For three hours, Alain Brumont whizzed me around his properties, greeting his staff, checking the bottling line, sampling some of the newly fermenting wines and then driving me to some of his best vineyards, explaining the terroir of each.
At every stop he leaped from his truck to show me how his vines were trained, while also showing me the errors of others: ‘Look at those rows! The guy’s a biodynamic producer. That’s well and good, but he’s got 16 bunches per vine, while I never have more than nine. It’ll show in the wine, I promise you.’
That wine is Madiran, and the top cuvées, from other estates as well as from Brumont, are often pure Tannat. It was not always thus.
Although historically Tannat had been the main – and in some cases the only – variety planted in this deeply rural, hilly area of southwest France, by the 1970s many producers had planted Bordelais varieties as well. This was partly to soften Tannat’s ferocious tannins, but also to add volume, since Tannat is fairly low-yielding.
In an interesting footnote, Brumont told me: ‘Everyone talks of how Syrah from Hermitage was sent to Bordeaux to improve poor vintages. That’s a myth, and that’s confirmed by my friends Guigal and Chapoutier. What they did use was Tannat.’
In 1985, Brumont released the region’s first pure Tannat for many years: his barrique-aged Château Montus Prestige. It was inspired by a visit to Bordeaux in 1979, just as similar visits caused a revolution in Barolo and Barbaresco in Italy. This Prestige wine caused a sensation and his reputation was made. It was a satisfying moment for a man who had started with almost nothing.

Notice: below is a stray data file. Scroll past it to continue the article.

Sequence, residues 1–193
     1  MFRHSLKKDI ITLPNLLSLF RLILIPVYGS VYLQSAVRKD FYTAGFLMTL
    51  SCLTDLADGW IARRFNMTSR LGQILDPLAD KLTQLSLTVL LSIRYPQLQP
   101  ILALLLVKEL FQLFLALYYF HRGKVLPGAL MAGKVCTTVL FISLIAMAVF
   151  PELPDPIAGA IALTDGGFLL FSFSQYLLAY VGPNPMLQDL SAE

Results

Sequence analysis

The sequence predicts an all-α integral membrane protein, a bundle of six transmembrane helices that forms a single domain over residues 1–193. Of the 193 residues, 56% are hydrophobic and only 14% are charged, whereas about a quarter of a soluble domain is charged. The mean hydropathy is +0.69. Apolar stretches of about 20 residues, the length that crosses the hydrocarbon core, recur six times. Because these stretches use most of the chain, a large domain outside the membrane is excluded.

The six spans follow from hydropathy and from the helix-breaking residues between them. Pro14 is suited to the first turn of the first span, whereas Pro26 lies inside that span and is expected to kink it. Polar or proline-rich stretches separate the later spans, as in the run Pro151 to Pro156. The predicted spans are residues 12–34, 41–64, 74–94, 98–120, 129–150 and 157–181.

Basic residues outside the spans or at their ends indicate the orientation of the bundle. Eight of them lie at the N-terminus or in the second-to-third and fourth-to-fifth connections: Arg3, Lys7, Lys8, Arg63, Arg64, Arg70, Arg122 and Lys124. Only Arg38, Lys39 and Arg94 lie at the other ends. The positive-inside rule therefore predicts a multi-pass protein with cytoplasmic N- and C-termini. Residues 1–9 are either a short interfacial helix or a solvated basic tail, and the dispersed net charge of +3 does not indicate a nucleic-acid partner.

‘My father owned Château Bouscassé. At the age of 16 he made me leave school and work for him.’ Brumont took over Bouscassé in 1979 and bought the abandoned Château Montus in 1980. There were no vines, so he planted 18 hectares. It’s not entirely clear how he financed his purchases; there seems to have been a measure of wheeler-dealing.‘Remember, at that time, no one valued terroir here. But I chose my plots carefully. I made massal selections and planted a low-yielding clone of Tannat to ensure quality. I also picked my vineyards by hand at a time when nearly all my neighbours were using machines. They thought I was crazy.’
How, I wondered, did he choose the terroirs where he wanted to plant? ‘Instinct. I just had a nose for good soils and microclimates. As Léonard Humbrecht from Alsace told me, you need to imagine the wine you can make.’
Building an empire
He expanded swiftly. ‘The best terroirs were on slopes that were often hard to work. Hardly anybody wanted them, and they were going cheap. At that time, farmers preferred to grow wheat in the valleys rather than grapes on the hillsides.’ But he admits he isn’t infallible, and sometimes he has had to pull out or sell parcels that didn’t meet his expectations.
He has also stopped farming organically. ‘I used to, but stopped, as organic viticulture doesn’t require environmental actions, which I’m keen on. These days we repackage all our plastic and cartons, and the kitchen waste is fed to our chickens.’
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